Saturday, March 6, 2021

Al Qadim Again

I've posted many times how much I love Al Qadim. I have been collecting the books for years (not finished yet, but getting close), but really I've only played in one Al Qadim game one time in the mid 90s and I've never ran it. Maybe I never will.

An interesting thing about this setting is just how inaccurate it is to Arab culture and the mythos in which it plays. For example, my understanding is that the tales we call Arabian Nights are actually Chinese in origin (?), not Arabian. but folks in the Arabian world, having also grown up knowing about these tales, assume they are Arabian. There are lots of other culturally inaccurate ideas in the game that you can Google for yourself.

I'd love to say these things don't matter because it's an elf game. And... yeah... I mean, mostly that's true. But we'd be fools and - worse - assholes if we totally ignored it. This is a game series based on a distinctly American male's idea of what Arabian fantasy is. More specifically, it's based on a certain generation of American males: mine.

When I was in first grade, c. 1976, I remember our little asses being marched into the school's auditorium to watch a movie. I remember it vividly because we were arranged from shortest to tallest (so people could see over each other, natch) and I was second in line. The only person shorter than me was Vickie and her pigtails. I loved Vickie. Being placed next to her in line, for me, was an early romantic experience that filled my wee mind with ideas. I was her "taller man".

Anyway. That's not important. The fact that she ignored me is meaningless. The point is we watched the 1963 classic Jason and the Argonauts, then only a little over a decade old. It was phenomenal! Warriors, ships, giants statues, skeletons! My mind reeled with the imagery looming over me.

This has jack shit to do with Arabian Nights, but it's this sort of movie, along with mummy movies and other adventure flicks, that fueled the imagination of Jeff Grubb, author of TSR's Arabian Adventures setting book that launched the Al Qadim campaign series.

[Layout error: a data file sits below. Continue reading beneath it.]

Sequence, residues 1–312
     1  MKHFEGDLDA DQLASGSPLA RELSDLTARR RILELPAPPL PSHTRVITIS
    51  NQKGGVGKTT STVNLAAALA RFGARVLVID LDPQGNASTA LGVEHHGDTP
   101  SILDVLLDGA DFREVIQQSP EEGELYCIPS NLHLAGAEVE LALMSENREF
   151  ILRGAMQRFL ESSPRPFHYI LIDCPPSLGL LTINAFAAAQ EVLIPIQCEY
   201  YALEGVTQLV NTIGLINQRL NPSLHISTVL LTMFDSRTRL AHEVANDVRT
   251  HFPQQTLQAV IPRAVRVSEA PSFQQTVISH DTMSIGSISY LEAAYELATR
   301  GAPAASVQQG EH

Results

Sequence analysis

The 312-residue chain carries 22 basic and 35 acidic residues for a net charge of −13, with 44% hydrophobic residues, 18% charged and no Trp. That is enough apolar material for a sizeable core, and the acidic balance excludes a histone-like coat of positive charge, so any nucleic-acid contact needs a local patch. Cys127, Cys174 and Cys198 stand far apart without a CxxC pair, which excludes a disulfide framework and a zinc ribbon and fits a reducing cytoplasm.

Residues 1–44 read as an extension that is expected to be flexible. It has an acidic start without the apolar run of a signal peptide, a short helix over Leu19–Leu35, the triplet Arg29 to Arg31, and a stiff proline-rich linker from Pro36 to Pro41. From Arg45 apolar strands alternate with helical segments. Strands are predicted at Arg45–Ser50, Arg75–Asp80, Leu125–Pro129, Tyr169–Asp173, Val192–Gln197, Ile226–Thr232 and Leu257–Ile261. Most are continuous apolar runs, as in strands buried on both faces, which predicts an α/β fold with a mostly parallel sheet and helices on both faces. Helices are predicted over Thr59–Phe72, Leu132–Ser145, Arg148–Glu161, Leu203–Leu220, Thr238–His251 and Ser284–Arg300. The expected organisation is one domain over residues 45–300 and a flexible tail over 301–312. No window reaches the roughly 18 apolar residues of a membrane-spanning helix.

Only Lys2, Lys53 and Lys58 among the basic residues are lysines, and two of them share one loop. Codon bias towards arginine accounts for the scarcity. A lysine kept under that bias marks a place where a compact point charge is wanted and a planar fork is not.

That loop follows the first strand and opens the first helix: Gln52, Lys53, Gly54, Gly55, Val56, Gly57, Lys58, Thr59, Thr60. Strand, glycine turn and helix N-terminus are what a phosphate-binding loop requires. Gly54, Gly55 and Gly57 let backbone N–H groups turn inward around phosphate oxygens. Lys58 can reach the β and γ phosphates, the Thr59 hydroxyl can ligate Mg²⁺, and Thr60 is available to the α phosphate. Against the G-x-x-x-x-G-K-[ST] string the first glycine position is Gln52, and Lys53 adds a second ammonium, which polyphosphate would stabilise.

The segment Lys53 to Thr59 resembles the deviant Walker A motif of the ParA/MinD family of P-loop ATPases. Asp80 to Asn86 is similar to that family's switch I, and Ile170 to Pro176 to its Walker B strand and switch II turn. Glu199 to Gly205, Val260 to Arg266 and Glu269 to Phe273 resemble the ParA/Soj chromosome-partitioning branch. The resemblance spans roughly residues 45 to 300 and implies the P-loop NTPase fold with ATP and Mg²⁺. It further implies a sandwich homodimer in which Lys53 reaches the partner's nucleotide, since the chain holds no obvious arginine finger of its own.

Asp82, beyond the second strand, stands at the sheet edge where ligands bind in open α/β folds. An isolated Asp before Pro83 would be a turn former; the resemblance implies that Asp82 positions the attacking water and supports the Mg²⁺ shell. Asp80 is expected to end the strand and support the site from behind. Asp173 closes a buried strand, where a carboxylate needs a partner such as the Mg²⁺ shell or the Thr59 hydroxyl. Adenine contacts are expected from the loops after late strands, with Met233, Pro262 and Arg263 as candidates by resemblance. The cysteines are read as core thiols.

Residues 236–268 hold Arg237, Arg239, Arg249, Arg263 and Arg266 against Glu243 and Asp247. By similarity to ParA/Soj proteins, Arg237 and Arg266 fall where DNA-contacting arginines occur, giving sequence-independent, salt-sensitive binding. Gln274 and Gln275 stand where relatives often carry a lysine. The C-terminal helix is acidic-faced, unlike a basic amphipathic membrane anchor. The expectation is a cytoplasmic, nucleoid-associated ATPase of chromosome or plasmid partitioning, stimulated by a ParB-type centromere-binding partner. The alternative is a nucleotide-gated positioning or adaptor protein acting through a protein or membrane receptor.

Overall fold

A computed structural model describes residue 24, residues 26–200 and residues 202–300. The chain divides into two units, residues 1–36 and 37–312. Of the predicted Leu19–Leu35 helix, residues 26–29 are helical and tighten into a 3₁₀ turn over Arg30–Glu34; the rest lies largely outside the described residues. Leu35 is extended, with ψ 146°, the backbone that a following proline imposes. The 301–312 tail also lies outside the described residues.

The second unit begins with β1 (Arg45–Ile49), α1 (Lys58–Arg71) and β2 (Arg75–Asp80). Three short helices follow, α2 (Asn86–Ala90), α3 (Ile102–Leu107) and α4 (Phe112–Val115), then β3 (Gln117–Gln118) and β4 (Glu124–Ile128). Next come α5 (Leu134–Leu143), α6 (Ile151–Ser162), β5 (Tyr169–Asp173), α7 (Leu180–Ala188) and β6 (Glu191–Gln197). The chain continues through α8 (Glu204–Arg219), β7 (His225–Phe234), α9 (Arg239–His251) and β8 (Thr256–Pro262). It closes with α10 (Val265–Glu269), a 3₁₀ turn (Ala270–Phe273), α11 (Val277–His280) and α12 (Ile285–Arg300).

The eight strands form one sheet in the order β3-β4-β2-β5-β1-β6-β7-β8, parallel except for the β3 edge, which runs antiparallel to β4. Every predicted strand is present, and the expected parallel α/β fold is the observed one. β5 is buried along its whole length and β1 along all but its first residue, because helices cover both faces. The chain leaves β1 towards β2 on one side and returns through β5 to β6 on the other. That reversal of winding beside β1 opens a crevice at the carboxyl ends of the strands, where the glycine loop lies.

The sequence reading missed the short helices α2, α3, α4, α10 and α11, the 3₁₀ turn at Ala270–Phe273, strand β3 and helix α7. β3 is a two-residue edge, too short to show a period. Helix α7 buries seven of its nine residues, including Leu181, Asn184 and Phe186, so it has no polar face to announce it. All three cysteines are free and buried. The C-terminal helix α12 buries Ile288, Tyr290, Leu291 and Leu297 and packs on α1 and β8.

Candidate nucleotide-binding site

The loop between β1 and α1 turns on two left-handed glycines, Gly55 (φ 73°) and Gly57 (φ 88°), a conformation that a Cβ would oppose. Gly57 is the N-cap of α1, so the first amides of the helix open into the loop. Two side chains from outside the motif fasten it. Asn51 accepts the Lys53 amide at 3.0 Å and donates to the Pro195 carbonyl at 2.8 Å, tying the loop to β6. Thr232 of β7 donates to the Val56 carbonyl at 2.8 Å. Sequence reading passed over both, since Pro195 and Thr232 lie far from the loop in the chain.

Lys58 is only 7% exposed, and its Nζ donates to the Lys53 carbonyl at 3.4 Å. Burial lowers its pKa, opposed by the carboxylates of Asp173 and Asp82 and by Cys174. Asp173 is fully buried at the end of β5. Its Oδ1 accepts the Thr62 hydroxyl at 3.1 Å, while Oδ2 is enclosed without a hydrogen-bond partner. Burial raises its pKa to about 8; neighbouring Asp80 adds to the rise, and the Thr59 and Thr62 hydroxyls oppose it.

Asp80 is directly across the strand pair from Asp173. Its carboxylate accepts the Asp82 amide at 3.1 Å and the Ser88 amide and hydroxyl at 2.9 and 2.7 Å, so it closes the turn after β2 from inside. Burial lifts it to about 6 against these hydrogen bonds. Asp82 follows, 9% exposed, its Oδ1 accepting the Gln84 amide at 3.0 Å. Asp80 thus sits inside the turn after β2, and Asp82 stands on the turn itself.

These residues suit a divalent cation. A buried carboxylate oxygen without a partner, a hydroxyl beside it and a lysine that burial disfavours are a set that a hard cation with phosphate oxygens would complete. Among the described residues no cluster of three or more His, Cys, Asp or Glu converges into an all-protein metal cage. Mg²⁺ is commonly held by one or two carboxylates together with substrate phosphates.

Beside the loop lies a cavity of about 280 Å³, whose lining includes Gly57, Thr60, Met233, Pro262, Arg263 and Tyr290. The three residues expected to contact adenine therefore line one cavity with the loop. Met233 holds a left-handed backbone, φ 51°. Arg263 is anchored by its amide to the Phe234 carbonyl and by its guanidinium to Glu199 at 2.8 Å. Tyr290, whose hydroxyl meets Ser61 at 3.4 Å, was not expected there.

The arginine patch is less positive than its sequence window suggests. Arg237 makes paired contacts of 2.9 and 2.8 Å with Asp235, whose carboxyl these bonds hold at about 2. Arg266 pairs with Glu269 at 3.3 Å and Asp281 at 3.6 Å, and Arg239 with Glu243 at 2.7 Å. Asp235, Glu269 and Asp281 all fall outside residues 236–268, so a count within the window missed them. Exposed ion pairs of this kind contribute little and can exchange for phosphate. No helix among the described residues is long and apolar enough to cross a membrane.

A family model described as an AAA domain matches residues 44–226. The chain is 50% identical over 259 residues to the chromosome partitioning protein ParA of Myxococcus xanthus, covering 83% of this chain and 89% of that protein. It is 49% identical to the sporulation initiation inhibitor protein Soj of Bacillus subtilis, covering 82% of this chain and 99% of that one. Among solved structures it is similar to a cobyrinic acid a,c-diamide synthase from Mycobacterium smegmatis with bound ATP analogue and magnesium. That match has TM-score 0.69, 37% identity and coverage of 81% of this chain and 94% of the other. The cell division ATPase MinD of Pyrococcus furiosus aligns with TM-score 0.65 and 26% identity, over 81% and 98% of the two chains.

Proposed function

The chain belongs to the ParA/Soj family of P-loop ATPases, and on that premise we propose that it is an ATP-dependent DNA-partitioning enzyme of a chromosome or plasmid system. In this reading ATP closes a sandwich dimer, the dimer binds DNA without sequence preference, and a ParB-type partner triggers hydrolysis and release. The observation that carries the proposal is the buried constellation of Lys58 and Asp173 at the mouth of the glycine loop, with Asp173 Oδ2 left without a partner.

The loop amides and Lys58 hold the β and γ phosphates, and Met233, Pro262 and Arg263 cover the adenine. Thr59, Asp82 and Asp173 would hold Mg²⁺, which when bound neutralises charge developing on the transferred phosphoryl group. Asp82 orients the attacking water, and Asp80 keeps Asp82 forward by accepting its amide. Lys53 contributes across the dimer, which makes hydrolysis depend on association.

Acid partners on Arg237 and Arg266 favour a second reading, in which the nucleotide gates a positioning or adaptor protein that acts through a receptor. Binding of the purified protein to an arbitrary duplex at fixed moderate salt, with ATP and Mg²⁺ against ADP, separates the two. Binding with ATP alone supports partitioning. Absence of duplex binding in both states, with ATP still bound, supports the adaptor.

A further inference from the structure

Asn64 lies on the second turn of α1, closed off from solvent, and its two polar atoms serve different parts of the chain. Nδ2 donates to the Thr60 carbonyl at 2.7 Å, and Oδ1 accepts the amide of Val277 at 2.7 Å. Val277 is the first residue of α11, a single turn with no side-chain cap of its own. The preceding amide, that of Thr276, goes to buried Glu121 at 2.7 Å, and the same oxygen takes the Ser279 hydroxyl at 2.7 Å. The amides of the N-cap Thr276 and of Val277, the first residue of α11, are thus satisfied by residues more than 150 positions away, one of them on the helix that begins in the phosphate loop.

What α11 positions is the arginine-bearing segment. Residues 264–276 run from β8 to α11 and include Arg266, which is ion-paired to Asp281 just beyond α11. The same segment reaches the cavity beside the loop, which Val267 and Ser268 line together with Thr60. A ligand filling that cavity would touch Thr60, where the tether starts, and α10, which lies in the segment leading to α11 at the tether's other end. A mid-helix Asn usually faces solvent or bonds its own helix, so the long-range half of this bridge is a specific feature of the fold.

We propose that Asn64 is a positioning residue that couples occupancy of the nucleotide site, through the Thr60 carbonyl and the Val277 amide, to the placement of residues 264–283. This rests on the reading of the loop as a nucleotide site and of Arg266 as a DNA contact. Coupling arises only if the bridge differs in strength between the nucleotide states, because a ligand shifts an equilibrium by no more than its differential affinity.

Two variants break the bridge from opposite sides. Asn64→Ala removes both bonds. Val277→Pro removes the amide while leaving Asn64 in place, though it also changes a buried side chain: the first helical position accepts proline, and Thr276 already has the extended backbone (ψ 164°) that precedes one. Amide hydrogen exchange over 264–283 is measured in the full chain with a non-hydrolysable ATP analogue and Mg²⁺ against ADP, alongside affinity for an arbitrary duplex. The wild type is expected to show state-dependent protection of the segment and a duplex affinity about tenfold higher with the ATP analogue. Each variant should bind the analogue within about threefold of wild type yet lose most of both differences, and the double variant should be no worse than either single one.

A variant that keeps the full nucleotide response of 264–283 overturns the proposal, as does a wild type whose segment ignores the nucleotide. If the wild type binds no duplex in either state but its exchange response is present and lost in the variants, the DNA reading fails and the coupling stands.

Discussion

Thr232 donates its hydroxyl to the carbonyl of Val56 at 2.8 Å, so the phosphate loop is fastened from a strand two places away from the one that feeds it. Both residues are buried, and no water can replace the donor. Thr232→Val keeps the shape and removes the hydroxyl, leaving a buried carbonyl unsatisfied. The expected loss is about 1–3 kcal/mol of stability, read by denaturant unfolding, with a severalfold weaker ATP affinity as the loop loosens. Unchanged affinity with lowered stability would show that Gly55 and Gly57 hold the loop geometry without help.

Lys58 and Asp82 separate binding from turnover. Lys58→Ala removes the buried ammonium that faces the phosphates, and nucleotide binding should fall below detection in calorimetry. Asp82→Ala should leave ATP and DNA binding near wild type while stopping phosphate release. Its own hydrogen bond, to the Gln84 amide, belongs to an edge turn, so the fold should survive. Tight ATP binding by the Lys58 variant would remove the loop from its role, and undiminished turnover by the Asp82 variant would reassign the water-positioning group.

Jason and the Argonauts, the mummy movies, Sinbad, the Thousand and One Nights... these are the sources for Al Qadim. Arabian mythology and history are really a distant second. The setting is a hodge podge of middle-world cultures and ideas, all filtered through the brain of a white male American riffing on ideas that inspired him in the 60s and 70s. And it's fucking fantastic! I love Al Qadim, for what it is. Warts and all.

But I understand that folks from middle-world cultures might find the work irritating or even mildly offensive. I don't believe it is egregiously so. Jeff Grubb and crew did a bang-up job of doing the best with what they had and genuinely trying to make a setting that lovingly and respectfully approached the material. But it was by and for white Americans, so any actual near-east perspective is not really present in the work - and that is one of the things that must be kept in mind when exploring it.

This is the subtle point that people miss out on when they complain about "cancel culture". Nobody is running around screaming "cancel it!" like the right wing media machine wants you to think. Rather, things we took for granted are being examined from new perspectives and sometimes that means something old and beloved has to be re-evaluated if you want to be intellectually honest and socially responsible.

You can still love the shit, so if you feel some sense of outrage welling up just tamp it back down, kiddo. Enjoy your magic carpet ride, just don't forget it's complete fantasy.

But hey, maybe check out this video series that goes into a lot of depth on the topic. They talk about these issues more broadly, from a modern perspective, so don't go into this expecting a short review of Al Qadim. You ain't gonna get that, buster.

EDIT: And I want to say for sure that I 100% accept that this series has serious problems. No defense will come from me on that front. This is probably why, even though I own this and still collect it, I have not ran it. I could have easily ran this setting long ago. Still I don't.


  1. Most D&D settings make a hash out of European myth and culture. Same with the Far East and the New World. Al-Qadim is in good company.

    1. One interesting point they make in the linked video is that with European settings there is an inherent tone of "you are familiar with this" while in Al Qadim and Oriental Adventures the tone is "this might seem strange to you". Which of course makes sense if you assume your audience is western. But if you are interested in expanding your base, drawing in new players, and making products that stand the test of time, then this is really not a good idea. And I think it's an automatic way of writing these settings. We don't see our own bias. The authors of Al Qadim were certainly not thinking "I'll write this ONLY for white Americans". But the powerful social biases at play caused them to write it for white Americans.